Never in my life did I think that man + woman/egg + sperm doesn't always = baby. I never thought that now in my mid-twenties would I be worried about having children in my thirties or at all.

It's overwhelming knowing that there is a huge potential that I could be a childless woman. I don't want to live my whole life grieving over something that my family had absolutely no problem doing. I don't think I could ever accept being barren for life - it's a life sentence!

Before we got pregnant with Elijah, those 3-4 years of not being able to conceive doesn't compare to the pain of not getting pregnant two years after Elijah. I think it's because losing Elijah intensified the need and yearning for a baby; it made those 3-4 years before Elijah seem so irrelevant and incomparable to the depths I am now living in.

Last week, I was watching a video about a woman who had lost her baby and struggled with IVF (In Vitro Fertilization) and suffered miscarriages. My sister overheard the video and asked if I would ever do it.

"Do what?" 

I paused. I knew what she was asking. I asked anyway.



I said, "No." 

She said, "If I wanted to be your surrogate, would you let me?"

I said, "No." 

I had explained to her that I felt that IVF would take away that feeling of God gifting us a baby. I wanted to trust God that He would not forget about my desires, my prayers, and my pain for a child. Plus, I could never afford to do such a procedure, go through it, and come out unsuccessful. The pain is too much to bear; I have already been put through so much heartache.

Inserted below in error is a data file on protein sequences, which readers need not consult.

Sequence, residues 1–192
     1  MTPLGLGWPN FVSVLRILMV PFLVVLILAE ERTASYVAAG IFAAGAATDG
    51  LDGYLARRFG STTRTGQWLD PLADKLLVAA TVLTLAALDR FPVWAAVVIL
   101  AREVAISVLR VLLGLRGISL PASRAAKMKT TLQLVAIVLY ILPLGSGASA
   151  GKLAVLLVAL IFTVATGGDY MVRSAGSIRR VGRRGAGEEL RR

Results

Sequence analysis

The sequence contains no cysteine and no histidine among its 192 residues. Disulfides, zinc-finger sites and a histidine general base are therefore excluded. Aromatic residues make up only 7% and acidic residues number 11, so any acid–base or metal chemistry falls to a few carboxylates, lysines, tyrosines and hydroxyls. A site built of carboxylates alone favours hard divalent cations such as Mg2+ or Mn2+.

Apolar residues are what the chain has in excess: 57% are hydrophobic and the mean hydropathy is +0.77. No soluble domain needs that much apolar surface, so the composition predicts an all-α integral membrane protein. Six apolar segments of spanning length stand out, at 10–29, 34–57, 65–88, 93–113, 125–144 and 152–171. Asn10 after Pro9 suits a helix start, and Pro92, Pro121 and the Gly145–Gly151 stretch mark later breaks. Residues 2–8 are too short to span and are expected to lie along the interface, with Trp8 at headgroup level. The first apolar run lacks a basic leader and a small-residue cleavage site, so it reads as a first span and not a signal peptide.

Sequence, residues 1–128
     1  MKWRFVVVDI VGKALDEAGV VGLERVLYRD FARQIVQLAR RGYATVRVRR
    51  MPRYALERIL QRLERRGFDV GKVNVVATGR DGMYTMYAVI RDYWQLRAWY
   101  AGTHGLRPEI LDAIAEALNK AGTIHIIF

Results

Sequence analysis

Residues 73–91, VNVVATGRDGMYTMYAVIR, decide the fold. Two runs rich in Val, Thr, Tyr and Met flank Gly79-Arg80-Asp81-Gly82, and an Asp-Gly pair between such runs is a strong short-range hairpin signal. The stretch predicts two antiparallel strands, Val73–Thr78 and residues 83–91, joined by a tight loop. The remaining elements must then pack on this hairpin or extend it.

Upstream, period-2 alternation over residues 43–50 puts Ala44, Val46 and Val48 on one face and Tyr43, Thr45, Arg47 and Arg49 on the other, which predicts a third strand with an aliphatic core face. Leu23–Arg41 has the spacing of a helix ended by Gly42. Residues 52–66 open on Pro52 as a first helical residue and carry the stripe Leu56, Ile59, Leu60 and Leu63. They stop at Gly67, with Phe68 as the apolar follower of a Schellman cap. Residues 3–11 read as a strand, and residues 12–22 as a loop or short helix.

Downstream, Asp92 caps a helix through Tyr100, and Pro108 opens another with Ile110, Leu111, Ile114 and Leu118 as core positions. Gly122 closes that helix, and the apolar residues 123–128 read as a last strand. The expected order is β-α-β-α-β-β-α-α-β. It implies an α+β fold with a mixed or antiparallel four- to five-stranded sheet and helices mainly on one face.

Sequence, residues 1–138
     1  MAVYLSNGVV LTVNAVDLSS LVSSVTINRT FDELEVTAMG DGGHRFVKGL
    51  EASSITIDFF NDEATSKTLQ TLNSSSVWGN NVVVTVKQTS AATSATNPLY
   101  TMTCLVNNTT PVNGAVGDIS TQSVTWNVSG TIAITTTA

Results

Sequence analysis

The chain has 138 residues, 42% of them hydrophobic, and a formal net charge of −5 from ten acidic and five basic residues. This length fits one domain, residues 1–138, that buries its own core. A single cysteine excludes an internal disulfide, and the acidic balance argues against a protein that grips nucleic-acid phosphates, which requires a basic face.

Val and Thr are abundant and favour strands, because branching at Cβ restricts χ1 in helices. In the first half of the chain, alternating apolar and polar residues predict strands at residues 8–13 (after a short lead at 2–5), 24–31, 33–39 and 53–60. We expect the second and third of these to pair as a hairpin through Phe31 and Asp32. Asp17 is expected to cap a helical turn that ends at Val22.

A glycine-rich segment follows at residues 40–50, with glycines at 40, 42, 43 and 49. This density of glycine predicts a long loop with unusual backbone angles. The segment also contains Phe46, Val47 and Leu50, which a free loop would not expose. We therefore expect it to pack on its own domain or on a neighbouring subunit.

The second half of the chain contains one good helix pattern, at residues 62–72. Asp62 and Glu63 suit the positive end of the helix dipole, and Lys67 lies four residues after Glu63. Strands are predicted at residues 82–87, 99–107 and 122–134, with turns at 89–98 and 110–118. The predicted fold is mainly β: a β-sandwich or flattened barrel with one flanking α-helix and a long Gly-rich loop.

I didn't explain to her that her being a surrogate would take away my opportunity to carry to term and birth my baby. I wanted to experience the whole nine months... those four months that were taken from me when I was pregnant with Elijah.

From the documentaries and stories I have watched and heard, IVF isn't always successful. Again, the whole concept of egg + sperm doesn't always = baby.

I felt that IVF was personally wrong for me and didn't want to force what God might someday present in the most beautiful and blessed way. As hard as it is, I want to trust God's timing and my journey. Perhaps the story of Abraham and Sarah in the Bible influences the way I feel.

Just last night, I finished a book called A Man Called Ove by Fredrik Backman.